rsync -a /Users/alice/Documents/ /Volumes/backup/Documents
The /Volumes/ path always leads to your drives under Mac OS X. This is also true for DMG files and CDs and DVDs you load.
An important thing to remember is that you should always include a trailing slash (/) after the SOURCE directory and no slash after the DESTINATION. If you wouldn’t do that, and you forgot the slash after ~/Documents rsync would create a directory named ‘Documents’ in the /Volumes/backup/Documents directory, so your files would eventually be backed up under
If you want to get a little more feedback on what rsync is actually doing you can add a few more options to let it output a little more to the screen:
rsync -a --progress ~/Documents/ /Volumes/backup/Documents
You might also want to exclude a few sub-directories or files with the backup. A good example of this is the virtual machine files Parallels makes in the /Documents/ directory and which can be quite large and will be backed up every time. If you have a large virtual machine, this could easily take 15 minutes.
rsync -a --exclude Parallels/ ~/Documents/ /Volumes/backup/Documents
Another option that you might need is when you use a FAT-32 formatted drive. FAT-32 is currently the only filesystem that is supported by all major operating systems, until Apple finally adds write support for NTFS under Mac OS X (There is a very good free / open source alternative called NTFS-3G that works beautiful, but isn’t supported officially by Apple yet). FAT-32 has a shortcoming that it can’t handle files over 4GB, which is pretty irritating if you have large DV video files or DVD backups. Another shortcoming is that it doesn’t properly set file update times, so it will copy all files, modified or not, every time you run your backup. Fortunately, there is a switch to fix this:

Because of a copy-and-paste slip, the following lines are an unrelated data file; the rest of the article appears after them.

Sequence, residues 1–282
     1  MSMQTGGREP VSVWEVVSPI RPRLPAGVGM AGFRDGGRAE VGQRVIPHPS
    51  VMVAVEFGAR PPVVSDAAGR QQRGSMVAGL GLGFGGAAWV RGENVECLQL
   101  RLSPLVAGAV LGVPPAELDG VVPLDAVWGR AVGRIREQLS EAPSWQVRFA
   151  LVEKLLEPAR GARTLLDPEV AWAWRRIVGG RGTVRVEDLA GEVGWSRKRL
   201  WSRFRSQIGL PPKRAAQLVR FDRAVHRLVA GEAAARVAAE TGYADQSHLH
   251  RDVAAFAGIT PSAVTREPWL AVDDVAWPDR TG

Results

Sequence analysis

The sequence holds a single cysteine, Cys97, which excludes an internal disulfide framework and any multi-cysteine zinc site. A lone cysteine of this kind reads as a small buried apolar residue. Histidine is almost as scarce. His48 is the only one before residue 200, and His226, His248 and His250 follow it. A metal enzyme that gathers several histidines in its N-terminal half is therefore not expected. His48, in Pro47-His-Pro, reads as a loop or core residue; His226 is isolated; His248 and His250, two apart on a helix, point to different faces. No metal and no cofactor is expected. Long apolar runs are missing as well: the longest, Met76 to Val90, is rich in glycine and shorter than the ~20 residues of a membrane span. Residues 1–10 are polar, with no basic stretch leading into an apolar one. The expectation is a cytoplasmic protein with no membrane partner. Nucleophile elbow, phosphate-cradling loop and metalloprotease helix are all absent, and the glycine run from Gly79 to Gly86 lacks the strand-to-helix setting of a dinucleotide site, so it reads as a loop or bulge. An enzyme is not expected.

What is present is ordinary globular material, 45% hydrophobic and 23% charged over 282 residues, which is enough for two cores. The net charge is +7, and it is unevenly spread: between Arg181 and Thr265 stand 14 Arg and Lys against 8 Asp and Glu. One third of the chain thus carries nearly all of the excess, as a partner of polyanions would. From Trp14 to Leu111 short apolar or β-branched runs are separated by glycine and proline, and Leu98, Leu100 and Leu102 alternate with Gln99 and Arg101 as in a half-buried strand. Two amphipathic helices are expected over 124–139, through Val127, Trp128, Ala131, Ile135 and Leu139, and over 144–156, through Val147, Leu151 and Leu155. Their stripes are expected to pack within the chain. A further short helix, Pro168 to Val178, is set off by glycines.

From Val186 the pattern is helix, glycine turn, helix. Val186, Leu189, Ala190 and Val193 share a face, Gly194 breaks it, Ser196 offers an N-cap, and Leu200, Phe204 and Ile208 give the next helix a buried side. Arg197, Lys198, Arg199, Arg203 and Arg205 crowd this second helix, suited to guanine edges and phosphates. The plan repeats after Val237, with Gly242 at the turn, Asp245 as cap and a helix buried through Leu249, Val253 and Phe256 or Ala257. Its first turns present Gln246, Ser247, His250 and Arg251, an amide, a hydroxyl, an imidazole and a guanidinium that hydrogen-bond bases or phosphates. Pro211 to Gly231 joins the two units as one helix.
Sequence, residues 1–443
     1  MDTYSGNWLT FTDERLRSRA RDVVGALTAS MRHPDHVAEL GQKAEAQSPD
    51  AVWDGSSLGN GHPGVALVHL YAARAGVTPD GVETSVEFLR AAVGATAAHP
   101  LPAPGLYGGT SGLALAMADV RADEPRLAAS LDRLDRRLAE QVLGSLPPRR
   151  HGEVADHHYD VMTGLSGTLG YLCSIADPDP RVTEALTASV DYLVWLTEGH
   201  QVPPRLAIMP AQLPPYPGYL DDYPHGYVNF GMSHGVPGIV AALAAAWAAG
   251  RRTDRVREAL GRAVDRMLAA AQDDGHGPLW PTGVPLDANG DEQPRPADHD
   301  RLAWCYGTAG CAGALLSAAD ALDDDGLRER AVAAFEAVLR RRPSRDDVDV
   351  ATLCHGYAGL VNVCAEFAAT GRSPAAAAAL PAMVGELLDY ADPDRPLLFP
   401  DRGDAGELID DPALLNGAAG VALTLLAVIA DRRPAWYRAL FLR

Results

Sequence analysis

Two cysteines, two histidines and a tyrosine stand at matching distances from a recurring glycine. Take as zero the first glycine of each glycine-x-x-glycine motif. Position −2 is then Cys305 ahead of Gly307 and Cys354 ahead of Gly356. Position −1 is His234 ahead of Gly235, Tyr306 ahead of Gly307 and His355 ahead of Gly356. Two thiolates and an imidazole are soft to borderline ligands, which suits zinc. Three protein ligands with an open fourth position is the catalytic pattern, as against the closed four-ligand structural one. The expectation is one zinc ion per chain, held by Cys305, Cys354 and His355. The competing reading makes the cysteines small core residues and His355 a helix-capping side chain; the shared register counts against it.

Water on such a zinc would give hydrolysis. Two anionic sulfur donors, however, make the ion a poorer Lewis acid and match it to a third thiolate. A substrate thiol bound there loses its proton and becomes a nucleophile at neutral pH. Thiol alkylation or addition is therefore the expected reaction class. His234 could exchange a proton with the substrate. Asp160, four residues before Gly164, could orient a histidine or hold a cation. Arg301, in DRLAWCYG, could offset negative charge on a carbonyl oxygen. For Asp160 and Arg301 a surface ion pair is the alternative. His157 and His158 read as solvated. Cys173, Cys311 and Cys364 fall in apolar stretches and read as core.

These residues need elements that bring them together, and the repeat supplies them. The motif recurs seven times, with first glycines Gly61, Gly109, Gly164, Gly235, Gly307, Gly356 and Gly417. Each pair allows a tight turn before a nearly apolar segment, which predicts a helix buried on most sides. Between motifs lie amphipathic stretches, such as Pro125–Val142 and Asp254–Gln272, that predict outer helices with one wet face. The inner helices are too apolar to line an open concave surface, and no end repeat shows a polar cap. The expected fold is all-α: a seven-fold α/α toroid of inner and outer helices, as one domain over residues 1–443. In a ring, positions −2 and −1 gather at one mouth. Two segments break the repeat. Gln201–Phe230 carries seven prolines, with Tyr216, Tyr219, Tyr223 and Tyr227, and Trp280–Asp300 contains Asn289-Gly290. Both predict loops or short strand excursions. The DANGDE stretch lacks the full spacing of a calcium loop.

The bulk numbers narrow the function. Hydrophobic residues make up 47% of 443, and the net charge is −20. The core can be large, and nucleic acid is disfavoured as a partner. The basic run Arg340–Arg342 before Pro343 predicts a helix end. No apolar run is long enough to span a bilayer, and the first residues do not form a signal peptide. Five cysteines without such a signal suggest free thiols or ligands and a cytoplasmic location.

rsync -a --modify-window=1 ~/Documents/ /Volumes/backup/Documents
So, we have all the ingredients to make a proper backup script with only the directories you want. What i did to make my own backup script is simply copying the rsync command many times with alternate source / destination paths. A Linux guru could probably come up with a better solution, but this solution works fine for me. For some inspiration for your own backup script, here’s a portion of my script:
rsync -a --progress --exclude Parallels/ ~/Documents/ /Volumes/backup/Documents
rsync -a --progress ~/Music/MP3/ /Volumes/backup/Media
rsync -a --progress ~/Pictures/ /Volumes/backup/Media/Pictures
rsync -a --progress ~/Backup/ /Volumes/backup/Data
rsync -a --progress ~/Movies/ /Volumes/backup/Media/Video
Note the first line of the script (‘#!/bin/bash’). This line says that it is a script executed by the shell. To make this script runnable you need to set some permissions. If you named your script ‘backup’ this would be the command
chmod u+x backup
Now simply run the backup script at any time you like and be very happy knowing that your data is safe on your external hard drive!
Just one last word of advice: rsync isn’t as fool-proof as Time Machine. If you would, let’s say, per accident swap the SOURCE and DESTINATION values you would lose data. Be very careful before running your backup script with any valuable data.
So, hopefully this article has given you some advice on how to use rsync to back up your Mac. Feel free to drop any comments in the comment field below.